To answer the questions I just raised, we must first understand how raspberries grow. Raspberries are perennials that produce new shoots directly out of their root system every year. The shoot does not produce fruit the first year, produces fruit the second year, and then declines. Commercially, the shoots are trimmed after the first time they produce to strengthen the plant. (It should be pointed out that some varieties of raspberry grow like a regular bush. These varieties are trees for all halachos. It is also not uncommon to find both types of raspberries growing out of the same root - that is, a plant has a bush that remains from year to year, but also produces shoots that stop reproducing after their second year. Our subject is the more common variety where the entire plant produces shoots.)

Is the raspberry plant considered a tree or not? If it is a tree, its fruit would be ha’eitz, but then its fruit should be orlah, since the shoots are never four years old! If the raspberry plant is not a tree, than its bracha is ha’adamah and there should be no orlah issue. On the other hand, we pointed out instances where the bracha on the fruit is ha’adamah and yet it is prohibited because of orlah.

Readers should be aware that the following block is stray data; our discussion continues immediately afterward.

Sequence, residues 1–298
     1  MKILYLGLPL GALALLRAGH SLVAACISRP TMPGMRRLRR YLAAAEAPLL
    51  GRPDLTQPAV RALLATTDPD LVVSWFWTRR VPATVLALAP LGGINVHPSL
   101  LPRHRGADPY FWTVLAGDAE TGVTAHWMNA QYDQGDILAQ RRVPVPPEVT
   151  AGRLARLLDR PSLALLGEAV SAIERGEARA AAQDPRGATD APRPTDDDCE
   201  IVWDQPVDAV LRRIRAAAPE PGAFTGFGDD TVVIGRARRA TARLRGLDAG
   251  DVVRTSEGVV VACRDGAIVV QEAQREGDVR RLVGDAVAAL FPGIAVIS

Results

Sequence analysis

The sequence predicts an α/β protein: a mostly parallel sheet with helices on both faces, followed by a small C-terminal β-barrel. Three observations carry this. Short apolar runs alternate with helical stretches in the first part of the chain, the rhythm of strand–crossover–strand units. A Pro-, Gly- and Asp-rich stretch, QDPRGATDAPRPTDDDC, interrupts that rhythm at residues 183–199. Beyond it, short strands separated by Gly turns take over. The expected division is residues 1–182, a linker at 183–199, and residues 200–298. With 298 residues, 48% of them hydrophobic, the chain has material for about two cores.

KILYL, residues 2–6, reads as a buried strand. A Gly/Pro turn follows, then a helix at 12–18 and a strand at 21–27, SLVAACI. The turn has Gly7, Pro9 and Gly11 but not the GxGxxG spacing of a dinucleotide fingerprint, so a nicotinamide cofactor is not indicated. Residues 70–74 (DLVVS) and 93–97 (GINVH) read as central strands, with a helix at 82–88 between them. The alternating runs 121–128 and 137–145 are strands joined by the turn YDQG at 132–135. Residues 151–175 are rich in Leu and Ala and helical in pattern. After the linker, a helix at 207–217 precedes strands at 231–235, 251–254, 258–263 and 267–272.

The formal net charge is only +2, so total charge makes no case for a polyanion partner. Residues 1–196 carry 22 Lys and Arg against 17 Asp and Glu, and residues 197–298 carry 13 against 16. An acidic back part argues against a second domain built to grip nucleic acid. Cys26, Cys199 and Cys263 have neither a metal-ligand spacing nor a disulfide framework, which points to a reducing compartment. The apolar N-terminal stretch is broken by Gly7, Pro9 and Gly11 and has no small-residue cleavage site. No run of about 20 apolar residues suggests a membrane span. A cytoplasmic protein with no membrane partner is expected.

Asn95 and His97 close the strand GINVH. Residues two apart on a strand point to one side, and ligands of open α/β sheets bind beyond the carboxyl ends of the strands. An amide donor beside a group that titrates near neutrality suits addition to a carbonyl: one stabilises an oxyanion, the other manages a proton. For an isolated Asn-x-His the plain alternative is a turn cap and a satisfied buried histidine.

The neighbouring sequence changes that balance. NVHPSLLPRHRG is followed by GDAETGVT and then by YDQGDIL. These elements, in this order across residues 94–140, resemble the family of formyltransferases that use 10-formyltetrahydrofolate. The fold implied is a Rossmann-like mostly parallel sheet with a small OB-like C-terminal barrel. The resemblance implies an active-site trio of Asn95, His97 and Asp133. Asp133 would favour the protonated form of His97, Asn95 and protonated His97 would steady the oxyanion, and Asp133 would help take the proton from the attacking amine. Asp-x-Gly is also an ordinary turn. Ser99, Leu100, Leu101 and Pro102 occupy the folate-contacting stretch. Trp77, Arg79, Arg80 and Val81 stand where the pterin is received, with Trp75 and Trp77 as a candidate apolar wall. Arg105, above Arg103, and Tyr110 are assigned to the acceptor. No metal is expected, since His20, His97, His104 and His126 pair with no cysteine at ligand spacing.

The Maharsham (Shu't # 196) was asked this shaylah, and he compared raspberry to eggplant, which was the subject of extensive early halachic literature.

Some early poskim rule that the eggplant is considered a tree because it has a woody stem. According to this approach, all eggplants are prohibited because of orlah since the plant never lasts four years to produce permitted fruit (Shu't Radbaz #966, quoting Kaftor VaFerach). The Radbaz assumed initially that the eggplant is a tree and that its fruit is prohibited as orlah. In the last paragraph of a lengthy responsum, he reports that when he arrived in Eretz Yisroel he discovered that even the most G-d-fearing tzaddikim ate eggplant, upon which basis he concluded that it cannot possibly be orlah. Early poskim recorded that the Arizal, Rav Chayim Vital, and others ate eggplant and cite this as proof that it is permitted. But why is it not orlah?